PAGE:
Tuesday, February 15, 2011

A Little Fishing for Understanding

In this blog recently I have been asking a lot of what ifs and I wonder whys.

It is kind of like a fishing trip of sorts because it has offered dialogue with several in the industry.

Fact is there is more uncertainty in the peanut industry at a time when the rest of Agriculture seems to be doing fairly well. Not to say all is bad in peanut world. Last year's yield in Georgia set a record. Peanut consumption is at an all time high. Yet Mother Nature has proven to us she is still in control of things.

If anyone in Congress is listening you need only to look at what is happening in the peanut world right now and you will realize the vagaries of weather and the environment require maintaining some sort of stabilization program for a civilized society to assure an adequate supply of food for their citizenry.

Let's look at what happened last year.

We had the hottest and one of the driest Summer on record. Still consumption of peanut butter and now even snack nuts and candy continued to climb. Candy makers and snack nut roasters even brought new items to the market...take for instance the Snickers PB Squared and Planters new Five Alarm Chili Dry Roasted Peanuts. Both are big hits and even may be considered market movers.

The northern part of the Georgia Peanut Belt suffered from drought and heat and it was evident. If you saw un-irrigated peanuts around Plains at harvest they never got more than a hand wide and were never harvested.

Remember also the string of nights we had for about a month when the temps never dipped below 80 in many areas. Research many years back at the National Peanut Lab told us night time temps have a direct bearing on Aflatoxin contamination. This was predictable already before harvest and it is not just in un-irrigated peanuts. Mother Nature left her mark on the quality of the crop.

So now we have an adequate crop and maybe even a surplus if things were normal but they are not.

Complicate this whole issue with the reemergence of the Burrower Bug as a prominent pest in many areas and the damage it causes to quality and the situation just seems a bit more grim.

The only real way to deal with Aflatoxin of this magnitude and deliver a product that is safe and wholesome and meets both Government and even stricter industry standards is to run it through the blanching plant. This both costs to do in just the charge of the blanchers and also comes at a cost from lost pounds of usable kernels.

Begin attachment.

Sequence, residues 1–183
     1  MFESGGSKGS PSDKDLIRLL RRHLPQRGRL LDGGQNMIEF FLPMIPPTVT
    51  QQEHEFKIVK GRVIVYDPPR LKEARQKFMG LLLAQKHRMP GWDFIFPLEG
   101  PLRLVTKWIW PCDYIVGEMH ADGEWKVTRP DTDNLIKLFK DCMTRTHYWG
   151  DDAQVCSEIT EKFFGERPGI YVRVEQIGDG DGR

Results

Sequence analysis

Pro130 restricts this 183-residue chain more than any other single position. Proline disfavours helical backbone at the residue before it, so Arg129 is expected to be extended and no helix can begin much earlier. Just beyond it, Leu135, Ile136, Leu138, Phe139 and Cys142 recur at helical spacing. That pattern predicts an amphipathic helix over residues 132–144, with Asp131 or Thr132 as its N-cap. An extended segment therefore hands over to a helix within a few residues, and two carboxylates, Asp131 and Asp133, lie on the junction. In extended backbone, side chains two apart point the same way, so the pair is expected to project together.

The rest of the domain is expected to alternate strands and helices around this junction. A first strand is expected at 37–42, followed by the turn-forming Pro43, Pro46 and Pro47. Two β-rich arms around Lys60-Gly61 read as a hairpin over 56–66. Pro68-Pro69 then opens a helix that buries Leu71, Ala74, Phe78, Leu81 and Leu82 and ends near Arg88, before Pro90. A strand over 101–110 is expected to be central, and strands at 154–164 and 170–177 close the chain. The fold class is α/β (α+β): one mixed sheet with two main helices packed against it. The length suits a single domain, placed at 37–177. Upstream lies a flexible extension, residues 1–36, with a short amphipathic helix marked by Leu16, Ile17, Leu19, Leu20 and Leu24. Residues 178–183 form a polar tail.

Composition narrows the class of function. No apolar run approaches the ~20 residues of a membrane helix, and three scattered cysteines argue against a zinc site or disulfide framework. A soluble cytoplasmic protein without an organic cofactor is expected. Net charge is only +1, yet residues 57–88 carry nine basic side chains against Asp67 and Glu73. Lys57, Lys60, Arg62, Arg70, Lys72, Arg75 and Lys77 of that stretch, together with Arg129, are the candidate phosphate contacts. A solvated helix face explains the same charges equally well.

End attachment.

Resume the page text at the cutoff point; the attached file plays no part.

Because of the fact that Shellers bought from farmers and forward sold to manufacturers it is now their cross to bear. And, it is coming with a great deal of cost that there is no way to recoup.

Peanut blanchers don't build their business on bad crops but do normal blanching practices in normal years. This year is different. The burden put on blanchers is really being felt. Reports have the current blanching capacity stretched to the limit through some time in 2012.

Shellers cannot afford more risk at this time and as of now manufacturers are concerned but not in the mood to accept that risk in the future. Therein lies the lack of attractive peanut contracts to wrestle acres away from cotton.

I am worried that this is not a particularly good situation for the peanut market for the future. We could well run out of peanuts at some time during the year and factories will have to shutter their doors until the supply resumes. It is hard to continue a growth in consumption under that scenario.

Also, based on value of the commodities I feel certain we will see some shift from irrigation on peanuts to irrigation on cotton. This may or may not prolong the issue of Aflatoxin depending on the 2011 growing season. If you go outside the water rich areas of Southwest GA and look at the Southeastern Peanut Belt in general it is all feasible that irrigated acres of peanuts this year could be at a modern low of 25%. This may be further complicated by CRC insurance coverage on cotton which makes a crop disaster in cotton an easier loss than it does for peanuts which lacks a CRC type program.

So whose fault is all this? I guess you will have to blame Mother Nature for a lot of it. She has shown us our vulnerabilities as an industry under the current peanut program. With all the consternation over farm programs in Washington right now we have some challenges ahead so perhaps we need to have some pretty serious dialogue in the industry going forward. We certainly know where many of the pitfalls are.

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